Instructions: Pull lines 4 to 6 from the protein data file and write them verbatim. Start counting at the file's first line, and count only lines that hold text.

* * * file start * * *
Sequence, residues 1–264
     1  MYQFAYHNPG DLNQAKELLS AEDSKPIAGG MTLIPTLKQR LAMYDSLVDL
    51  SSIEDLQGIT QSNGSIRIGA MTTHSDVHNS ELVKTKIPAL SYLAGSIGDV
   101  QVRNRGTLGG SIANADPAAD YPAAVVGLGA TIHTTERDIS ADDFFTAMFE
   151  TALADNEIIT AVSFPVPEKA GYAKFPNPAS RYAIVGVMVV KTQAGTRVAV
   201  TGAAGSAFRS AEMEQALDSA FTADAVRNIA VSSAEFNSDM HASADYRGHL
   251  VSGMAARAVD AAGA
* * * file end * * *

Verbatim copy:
   101  QVRNRGTLGG SIANADPAAD YPAAVVGLGA TIHTTERDIS ADDFFTAMFE
   151  TALADNEIIT AVSFPVPEKA GYAKFPNPAS RYAIVGVMVV KTQAGTRVAV
   201  TGAAGSAFRS AEMEQALDSA FTADAVRNIA VSSAEFNSDM HASADYRGHL